• indoor bbq tacos

    July 23, 2013

    indoorbbq

    Baby, it has been HOT outside.

    There’s no better time to kick up the raw with smoothies and salads.  But summer spells barbecue.  So here’s one cool move when you want to do a little grilling without a lot of sweating:

    • the simplest tortillas you can get (I buy Trader Joe’s–made with just white corn, water, and lime)
    • zucchini/courgette, scrubbed and sliced on the diagonal
    • fresh, crunchy sprouts
    • pan-toasted sunflower seeds

    The critical ingredient is my favorite kitchen toy: the Lodge Cast-Iron Grill. This thing is fantastic.  I use it for paninis and tofu (with the matching press), and you can flip it to make pancakes on the griddle side.

    In this case, I turn on both burners under the grill, then put the zucchini slices on top–flipping after a few minutes.  When nearly done, throw the tortillas onto the back part of the grill for a few seconds, flipping those once as well.  Load the veg onto the tortillas, sprinkle with the seeds, and plop a big handful of sprouts atop.  Serve with One-Minute Guacamole.  (Oh, and if you don’t have a grill/griddle, you can also use a grill pan.)

    You probably didn’t even need those directions.  Or me to tell you how fast these go.

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  • tomatoes tonight, times two

    July 16, 2013

    I love alliteration to a fault.

    And the red, ravishing fruit that’s best picked at the height of summer.

    No, not that one.

    These.

    farmtomatoes

    Which you can very quickly make into a snappy soup like this:

    tomatopestosoup.com


    …by blending whole tomatoes with a few spoonfuls of good pesto and simmering over a flame until broken up.

    Or raw and layered betwixt slices of grilled eggplant and fresh mozzarella like so:tomatotrio

    …with a requisite shower of torn basil, a slick of olive oil, a splash of balsamic, a sprinkle of kosher salt, and a scattering of freshly ground pepper.

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  • frozen peanut-butter cup

    June 25, 2013

    pbcup

    Last week I got a Facebook message from a friend and longtime Green Appetite follower — turns out she had a “weird reaction” after trying the lucuma shake in my Milkshake Hacking post.  Oh, no!

    I’d never heard of this happening before.  Then again, lucuma isn’t exactly headline news.

    My friend sweetly offered to send me her unused lucuma (thank you!), and I promptly told her about another shake combo I have nearly every day. Then I realized I’d have to fess up to you, too.  So here it is:

    • almond milk to fill 3/4 of a glass
    • frozen banana (I keep a bunch in the freezer — always remove the peel first)
    • 1 heaping tablespoon peanut butter (the kind they grind out fresh at the health-food store)
    • 1 heaping tablespoon cacao powder
    • splash vanilla extract

    Alternatively, you could use 2 tablespoons cacao nibs (instead of the cacao powder) and throw in a date or two (I buy the Israeli ones) — making sure, of course, to remove the pit first.  But I find that cacao nibs are a little tough on my stomach.  And we don’t want any more negative reactions.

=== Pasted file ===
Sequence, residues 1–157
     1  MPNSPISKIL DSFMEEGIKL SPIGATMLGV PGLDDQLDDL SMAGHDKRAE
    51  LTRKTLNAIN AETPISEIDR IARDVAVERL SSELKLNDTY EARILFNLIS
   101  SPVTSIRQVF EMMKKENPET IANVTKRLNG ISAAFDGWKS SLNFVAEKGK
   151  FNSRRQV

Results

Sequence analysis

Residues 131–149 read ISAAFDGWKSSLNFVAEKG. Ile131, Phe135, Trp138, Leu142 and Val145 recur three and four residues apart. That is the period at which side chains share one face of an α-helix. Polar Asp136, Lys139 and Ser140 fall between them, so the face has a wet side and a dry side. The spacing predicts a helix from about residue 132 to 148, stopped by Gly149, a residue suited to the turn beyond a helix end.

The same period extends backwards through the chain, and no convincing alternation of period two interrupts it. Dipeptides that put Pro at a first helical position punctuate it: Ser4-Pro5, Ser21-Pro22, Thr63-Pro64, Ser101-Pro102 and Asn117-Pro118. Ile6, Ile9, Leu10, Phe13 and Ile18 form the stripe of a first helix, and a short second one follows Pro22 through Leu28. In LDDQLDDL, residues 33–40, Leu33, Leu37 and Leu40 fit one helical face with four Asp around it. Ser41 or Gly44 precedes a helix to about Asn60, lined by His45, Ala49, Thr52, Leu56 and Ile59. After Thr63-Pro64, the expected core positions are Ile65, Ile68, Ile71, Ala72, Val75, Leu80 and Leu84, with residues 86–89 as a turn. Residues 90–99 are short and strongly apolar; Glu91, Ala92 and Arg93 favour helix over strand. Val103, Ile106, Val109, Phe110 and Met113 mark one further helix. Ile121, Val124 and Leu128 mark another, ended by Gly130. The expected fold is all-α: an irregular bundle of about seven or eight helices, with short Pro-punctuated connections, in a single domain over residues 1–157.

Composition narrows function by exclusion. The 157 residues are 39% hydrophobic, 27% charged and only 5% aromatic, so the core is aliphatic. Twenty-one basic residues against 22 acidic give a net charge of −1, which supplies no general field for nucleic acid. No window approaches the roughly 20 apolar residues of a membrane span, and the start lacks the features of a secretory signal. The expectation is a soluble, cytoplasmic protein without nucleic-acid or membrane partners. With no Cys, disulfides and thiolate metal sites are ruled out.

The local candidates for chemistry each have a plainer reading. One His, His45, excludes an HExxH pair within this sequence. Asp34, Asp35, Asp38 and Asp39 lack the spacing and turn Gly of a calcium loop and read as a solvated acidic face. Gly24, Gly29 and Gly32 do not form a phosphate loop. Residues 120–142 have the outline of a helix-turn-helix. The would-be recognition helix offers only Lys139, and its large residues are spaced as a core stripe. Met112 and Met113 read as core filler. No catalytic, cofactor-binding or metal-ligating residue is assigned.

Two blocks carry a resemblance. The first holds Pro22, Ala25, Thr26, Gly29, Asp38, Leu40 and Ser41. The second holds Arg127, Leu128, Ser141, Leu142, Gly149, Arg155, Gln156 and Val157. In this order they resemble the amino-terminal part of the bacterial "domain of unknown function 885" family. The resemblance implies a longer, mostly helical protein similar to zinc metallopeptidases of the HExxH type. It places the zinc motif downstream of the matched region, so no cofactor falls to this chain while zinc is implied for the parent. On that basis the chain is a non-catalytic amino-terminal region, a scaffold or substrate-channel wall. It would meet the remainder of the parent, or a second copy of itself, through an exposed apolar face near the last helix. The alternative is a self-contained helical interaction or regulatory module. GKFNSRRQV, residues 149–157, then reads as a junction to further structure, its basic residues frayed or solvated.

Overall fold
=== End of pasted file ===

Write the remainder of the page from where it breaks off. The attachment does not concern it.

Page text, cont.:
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  • eat better naked

    June 3, 2013

    asparagus

    There are generally no rules, but here’s a good one:  when the weather calls for stripping down, do the same with your food.  In this case:  in the buff is the way to go.  See here these beautiful spears of asparagus at a BBQ I went to this weekend.  Standing over a foot tall, they were grown by one of the guests at her home in Howell, New Jersey.  They were as juicy as a peach and required no dipping at all.

    That’s the trick with local and seasonal — it really needs no dressing up. So get thee to a farmer’s market if you don’t have a bountiful backyard, and eat these in their birthday suits.

    And if you’re feeling especially frisky, there’s always this.

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  • sprinkles, reinvented

    May 28, 2013

    tamariseeds

    When I was living in London, I became obsessed with Munchy Seeds.  I’d always have tubs and tubs of these roasted seed mixes on hand (in the freezer, to prevent the fat in the seeds from going rancid) to toss in salads, tuck in sandwiches, and sprinkle over steamed veggies.  They’re also awesome in tacos.  So, what’s a girl to do Stateside?  Answer:

    Scatter a handful of sunflower seeds in a pan
    Add several spritzes of Bragg Liquid Aminos or a few teaspoons of tamari

    Shake or stir over medium heat for a few minutes until the liquid is absorbed but before the seeds get too brown.  Transfer to a plate to cool and store in an airtight container.

    Of course you could also follow Munchy Seeds’ lead and vary the seeds, which I plan to do.  But this is the very lazy, happy version that still delivers the necessary munch.

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  • milkshake hacking

    May 20, 2013

    lucuma

    It’s 4pm.  You want something sweet and creamy.  Slurped through a straw.  Without the guilt trip.

    Enter the milkshake hack.  Here’s all it is: